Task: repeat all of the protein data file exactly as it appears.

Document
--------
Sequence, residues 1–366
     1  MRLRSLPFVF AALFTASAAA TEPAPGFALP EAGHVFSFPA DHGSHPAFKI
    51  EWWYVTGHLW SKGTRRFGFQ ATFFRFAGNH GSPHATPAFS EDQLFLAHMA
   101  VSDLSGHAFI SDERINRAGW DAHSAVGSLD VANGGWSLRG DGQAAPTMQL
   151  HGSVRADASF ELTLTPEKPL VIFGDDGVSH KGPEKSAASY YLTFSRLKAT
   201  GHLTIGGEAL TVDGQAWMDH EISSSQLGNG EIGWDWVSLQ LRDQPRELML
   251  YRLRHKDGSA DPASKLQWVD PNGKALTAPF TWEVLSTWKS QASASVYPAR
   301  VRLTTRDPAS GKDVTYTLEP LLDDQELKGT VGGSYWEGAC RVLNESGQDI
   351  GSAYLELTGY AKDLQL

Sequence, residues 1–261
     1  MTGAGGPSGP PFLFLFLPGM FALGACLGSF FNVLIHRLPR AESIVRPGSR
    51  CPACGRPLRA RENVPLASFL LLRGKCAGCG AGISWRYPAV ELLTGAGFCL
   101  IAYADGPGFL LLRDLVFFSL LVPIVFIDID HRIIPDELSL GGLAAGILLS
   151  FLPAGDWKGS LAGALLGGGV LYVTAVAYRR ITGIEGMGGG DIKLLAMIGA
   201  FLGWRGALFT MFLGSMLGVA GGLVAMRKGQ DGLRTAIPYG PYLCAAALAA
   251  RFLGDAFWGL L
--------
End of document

Sequence, residues 1–366
     1  MRLRSLPFVF AALFTASAAA TEPAPGFALP EAGHVFSFPA DHGSHPAFKI
    51  EWWYVTGHLW SKGTRRFGFQ ATFFRFAGNH GSPHATPAFS EDQLFLAHMA
   101  VSDLSGHAFI SDERINRAGW DAHSAVGSLD VANGGWSLRG DGQAAPTMQL
   151  HGSVRADASF ELTLTPEKPL VIFGDDGVSH KGPEKSAASY YLTFSRLKAT
   201  GHLTIGGEAL TVDGQAWMDH EISSSQLGNG EIGWDWVSLQ LRDQPRELML
   251  YRLRHKDGSA DPASKLQWVD PNGKALTAPF TWEVLSTWKS QASASVYPAR
   301  VRLTTRDPAS GKDVTYTLEP LLDDQELKGT VGGSYWEGAC RVLNESGQDI
   351  GSAYLELTGY AKDLQL

Sequence, residues 1–261
     1  MTGAGGPSGP PFLFLFLPGM FALGACLGSF FNVLIHRLPR AESIVRPGSR
    51  CPACGRPLRA RENVPLASFL LLRGKCAGCG AGISWRYPAV ELLTGAGFCL
   101  IAYADGPGFL LLRDLVFFSL LVPIVFIDID HRIIPDELSL GGLAAGILLS
   151  FLPAGDWKGS LAGALLGGGV LYVTAVAYRR ITGIEGMGGG DIKLLAMIGA
   201  FLGWRGALFT MFLGSMLGVA GGLVAMRKGQ DGLRTAIPYG PYLCAAALAA
   251  RFLGDAFWGL L